"Don't mind me, I'm just a giraffe hanging out in a cornfield after dark." IT COULD HAPPEN, OK?

::My favorite TV shows being removed from Netflix. 
RIP Strangers with Candy.

::Being forced to go back to high school and take remedial math classes.
*reading a test* "Conjugate the following equation to the fourth power without using the Periodic Table. Divide by purple." WHAT.

::Finding mold in weird places.
"Let's make a sandwich! Wait, why does my bread have a face?"

::Performing a play that I haven't done in years. 
I still have stress dreams about Annie. I was 12.

::Wind turbines.
Energy source of the future, or alien mothership homing device? Mothership.

Hey! If you're still reading and not totally convinced that I'm not a crazy, foil-hat-wearing conspiracy theorist, tell me about your fears. What hilarious (or not-so hilarious) thing are you afraid of? How do you overcome them?

Thursday, October 10, 2013

The Bright Side

Mountains, water, blue sky. Happy place.
Sitka, AK//Jul2013

It's been a weird week. I've been in a funk for no good reason and today received some rather discouraging news. After shedding a few tears, I'm trying to make a conscious effort to remain positive. Therefore, below is a comprehensive list of the things that made me happy today.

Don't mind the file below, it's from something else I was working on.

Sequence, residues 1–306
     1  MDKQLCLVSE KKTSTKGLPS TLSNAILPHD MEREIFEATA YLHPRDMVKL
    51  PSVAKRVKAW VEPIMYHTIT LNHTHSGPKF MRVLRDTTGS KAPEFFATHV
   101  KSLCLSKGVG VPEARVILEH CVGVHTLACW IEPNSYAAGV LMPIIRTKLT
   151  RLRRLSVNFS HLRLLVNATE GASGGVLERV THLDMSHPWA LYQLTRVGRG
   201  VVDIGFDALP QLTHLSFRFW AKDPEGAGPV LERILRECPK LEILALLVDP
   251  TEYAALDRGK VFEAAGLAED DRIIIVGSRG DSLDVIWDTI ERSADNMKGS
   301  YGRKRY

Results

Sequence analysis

::Bill Corbett of Mystery Science Theater 3000 fame responded to my tweet. Does this means we're best friends now? Is that how Twitter works?

::I discovered a new (to me) band, Walk the Moon. Can't stop, won't stop listening to Anna Sun.

::Thanks to gift cards, I'm now the proud owner of this purse and this  foxy sweater

::With a little help from my favorite playlist, I ran my slow ass all the way up the Fountain Street hill. This is a big deal.

::After days of writer's block, I finally finished the first article I've written since college. Accomplishment. 

So there's my bright side. It's not much, but it got me through what could have been a horrible, no good, very bad day. Now I'm off to watch HIMYM and eat nachos with my husband. Just living the dream over here. 

Here's to tomorrow being a bright, new day. 

Tuesday, October 8, 2013

The Pursuit of Happiness

One of the greatest inner struggles I faced with quitting my job was being categorized as just another unhappy, over-privileged Millennial. (A term I despise, for what it's worth.) With the constant barrage of articles and studies scrutinizing my generation's every move, I didn't want to become just another statistic. 

Despite my frustration with the treatment of Millennials in the media, I took a certain pride in not being "one of them." I've always been a bit of an old soul, and don't always identify with the "Me Me Me" generation: I loathe YOLO-ing and if I read one more listicle about things twentysomethings love/hate/do, I may throw my computer. (Is this considering myself "exceptional?") 

However, while I may not always relate to my fellow Millennials, I'm getting pretty damn tired of the national pastime that is Millennial-bashing.